Criteria

Yes No

1. Was the study question or objective clearly stated?

V

2. Were eligibility/selection criteria for the study population
prespecified and clearly described?

V

3. Were the participants in the study representative of those who
would be eligible for the test/service/intervention in the general or
clinical population of interest?

V

4. Were all eligible participants that met the prespecified entry
criteria enrolled?

V

Other
(CD, NR,
NA)*

V

5. Was the sample size sufficiently large to provide confidence in the
findings?

V

6. Was the test/service/intervention clearly described and delivered
consistently across the study population?

V

7. Were the outcome measures prespecified, clearly defined, valid,
reliable, and assessed consistently across all study participants?

V

8. Were the people assessing the outcomes blinded to the
participants' exposures/interventions?

V

9. Was the loss to follow-up after baseline 20% or less? Were those
lost to follow-up accounted for in the analysis?

V

10. Did the statistical methods examine changes in outcome
measures from before to after the intervention? Were statistical tests
done that provided p values for the pre-to-post changes?
11. Were outcome measures of interest taken multiple times before
the intervention and multiple times after the intervention (i.e., did
they use an interrupted time-series design)?
12. If the intervention was conducted at a group level (e.g., a whole
hospital, a community, etc.) did the statistical analysis take into
account the use of individual-level data to determine effects at the
group level?

V

V

V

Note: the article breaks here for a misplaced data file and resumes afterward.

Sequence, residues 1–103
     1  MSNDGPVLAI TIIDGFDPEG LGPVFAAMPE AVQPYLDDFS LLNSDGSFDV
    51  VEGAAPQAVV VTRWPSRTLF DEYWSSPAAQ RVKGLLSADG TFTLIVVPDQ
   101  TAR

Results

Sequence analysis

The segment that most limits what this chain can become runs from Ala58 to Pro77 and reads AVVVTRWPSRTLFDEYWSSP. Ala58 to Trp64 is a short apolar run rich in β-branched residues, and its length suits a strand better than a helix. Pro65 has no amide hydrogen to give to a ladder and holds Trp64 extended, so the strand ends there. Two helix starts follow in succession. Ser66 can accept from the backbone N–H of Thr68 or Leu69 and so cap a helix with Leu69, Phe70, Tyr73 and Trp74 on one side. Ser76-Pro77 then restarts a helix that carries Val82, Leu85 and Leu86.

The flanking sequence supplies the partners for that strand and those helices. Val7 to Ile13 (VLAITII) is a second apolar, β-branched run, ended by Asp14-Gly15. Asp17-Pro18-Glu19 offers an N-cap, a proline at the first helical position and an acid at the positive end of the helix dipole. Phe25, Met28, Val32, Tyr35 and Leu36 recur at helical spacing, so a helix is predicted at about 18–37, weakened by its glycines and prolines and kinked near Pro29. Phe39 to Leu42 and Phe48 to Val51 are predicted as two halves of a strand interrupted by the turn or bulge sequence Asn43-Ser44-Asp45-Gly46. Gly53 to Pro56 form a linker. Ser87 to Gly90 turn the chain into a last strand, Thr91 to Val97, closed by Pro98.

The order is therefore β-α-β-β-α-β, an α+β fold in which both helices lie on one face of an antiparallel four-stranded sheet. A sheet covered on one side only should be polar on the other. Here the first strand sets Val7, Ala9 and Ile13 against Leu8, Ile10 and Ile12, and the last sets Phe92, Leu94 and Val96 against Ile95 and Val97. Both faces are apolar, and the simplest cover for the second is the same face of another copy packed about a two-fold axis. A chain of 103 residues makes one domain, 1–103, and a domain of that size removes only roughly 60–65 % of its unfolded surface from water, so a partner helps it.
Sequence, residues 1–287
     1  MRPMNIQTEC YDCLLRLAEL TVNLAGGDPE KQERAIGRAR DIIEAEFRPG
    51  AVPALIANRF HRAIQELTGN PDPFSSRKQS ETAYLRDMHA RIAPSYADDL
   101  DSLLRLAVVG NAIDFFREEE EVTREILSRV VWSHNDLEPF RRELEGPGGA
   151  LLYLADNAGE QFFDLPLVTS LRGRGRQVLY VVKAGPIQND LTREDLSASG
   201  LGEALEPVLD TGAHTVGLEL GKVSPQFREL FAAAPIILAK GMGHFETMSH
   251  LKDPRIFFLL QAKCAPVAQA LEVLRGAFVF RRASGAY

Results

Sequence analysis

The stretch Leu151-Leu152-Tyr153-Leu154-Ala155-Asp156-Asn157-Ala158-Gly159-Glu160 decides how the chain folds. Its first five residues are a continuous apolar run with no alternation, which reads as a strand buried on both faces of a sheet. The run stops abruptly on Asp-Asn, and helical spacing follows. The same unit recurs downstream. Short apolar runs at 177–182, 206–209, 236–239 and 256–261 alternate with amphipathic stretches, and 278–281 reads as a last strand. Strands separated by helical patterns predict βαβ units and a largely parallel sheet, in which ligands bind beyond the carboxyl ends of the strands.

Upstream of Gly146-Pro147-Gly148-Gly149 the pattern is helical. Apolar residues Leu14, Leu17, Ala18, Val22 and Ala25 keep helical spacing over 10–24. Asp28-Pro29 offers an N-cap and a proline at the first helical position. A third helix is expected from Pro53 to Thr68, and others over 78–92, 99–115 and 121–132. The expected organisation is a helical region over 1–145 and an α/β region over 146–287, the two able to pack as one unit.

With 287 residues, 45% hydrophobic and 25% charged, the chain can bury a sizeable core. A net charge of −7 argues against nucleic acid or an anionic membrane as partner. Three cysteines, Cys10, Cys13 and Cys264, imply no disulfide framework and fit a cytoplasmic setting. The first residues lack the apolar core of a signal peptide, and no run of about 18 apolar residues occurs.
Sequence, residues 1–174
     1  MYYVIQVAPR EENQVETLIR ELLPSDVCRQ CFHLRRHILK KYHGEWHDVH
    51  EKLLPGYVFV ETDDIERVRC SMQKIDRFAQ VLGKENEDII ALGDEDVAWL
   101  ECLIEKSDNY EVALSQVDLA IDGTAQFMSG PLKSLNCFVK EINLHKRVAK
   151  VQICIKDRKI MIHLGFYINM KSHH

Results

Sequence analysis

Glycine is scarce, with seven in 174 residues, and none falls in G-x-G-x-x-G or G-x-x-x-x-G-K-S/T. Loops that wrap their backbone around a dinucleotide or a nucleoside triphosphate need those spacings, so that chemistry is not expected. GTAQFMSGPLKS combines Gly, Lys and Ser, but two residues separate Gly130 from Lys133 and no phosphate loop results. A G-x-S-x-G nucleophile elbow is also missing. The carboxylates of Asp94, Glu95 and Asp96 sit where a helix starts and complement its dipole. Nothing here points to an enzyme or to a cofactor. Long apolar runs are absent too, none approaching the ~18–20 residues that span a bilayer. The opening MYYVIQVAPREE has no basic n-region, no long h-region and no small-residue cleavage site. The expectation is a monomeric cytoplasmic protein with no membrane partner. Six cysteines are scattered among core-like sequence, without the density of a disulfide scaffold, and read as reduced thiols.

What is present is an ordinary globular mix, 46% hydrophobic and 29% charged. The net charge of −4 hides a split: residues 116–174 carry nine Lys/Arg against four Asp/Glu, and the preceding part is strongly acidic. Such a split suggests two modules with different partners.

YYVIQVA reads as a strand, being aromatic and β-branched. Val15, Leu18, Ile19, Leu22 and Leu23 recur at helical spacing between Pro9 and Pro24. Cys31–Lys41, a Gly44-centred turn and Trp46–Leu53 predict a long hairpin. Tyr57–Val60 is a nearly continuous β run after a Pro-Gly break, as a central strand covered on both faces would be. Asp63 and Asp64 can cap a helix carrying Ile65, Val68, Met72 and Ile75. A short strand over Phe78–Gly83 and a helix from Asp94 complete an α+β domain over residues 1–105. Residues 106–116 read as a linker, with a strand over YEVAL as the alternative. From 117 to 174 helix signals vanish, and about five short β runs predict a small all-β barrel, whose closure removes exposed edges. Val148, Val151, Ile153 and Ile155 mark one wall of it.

Guidance for Assessing the Quality of Before-After (PrePost) Studies With No Control Group The guidance document below is organized by question number from the tool for quality assessment of controlled intervention studies. Study question Did the authors describe their goal in conducting this research? Is it easy to understand what they were looking to find? This issue is important for any scientific paper of any type. To assess this question. Another sample description is women who were in the nursing profession. and (3) when (between January 1. (2) where (Phoenix Good Samaritan Hospital). had no known CHD. stroke. with contact information obtained from State nursing boards. Study participants representative of clinical populations of interest The participants in the study should be generally representative of the population in which the intervention will be broadly applied. researchers may not be able to extrapolate study results from patients with severe chronic diseases to healthy populations. would they know whom to recruit. interventions that focus on very young or very old individuals may affect middle-aged adults differently. Studies on small demographic subgroups may raise concerns about how the intervention will affect broader populations of interest. The population is clearly described as: (1) who (men over age 40 with type 2 diabetes). who began seeking medical care at Phoenix Good Samaritan Hospital. Higher quality scientific research explicitly defines a research question. 2007. For example. Question 4. and were recruited from the 11 most populous States. reviewers examined prior papers on study methods (listed in reference list) when necessary. 2005 and December 31. between January 1. Question 2. 2007). All eligible participants enrolled To further explore this question. cancer. and from what time period? Here is a sample description of a study population: men over age 40 with type 2 diabetes. Eligibility criteria and study population Did the authors describe the eligibility criteria applied to the individuals from whom the study participants were selected or recruited? In other words. from where. Similarly. 2005 and December 31. who were ages 34 to 59 in 1995. Question 3. Question 1. if the investigators were to conduct this study again. or diabetes. reviewers may need to ask: Did the investigators develop the I/E criteria prior to recruiting or selecting study participants? Were the same underlying I/E criteria . hypercholesterolemia.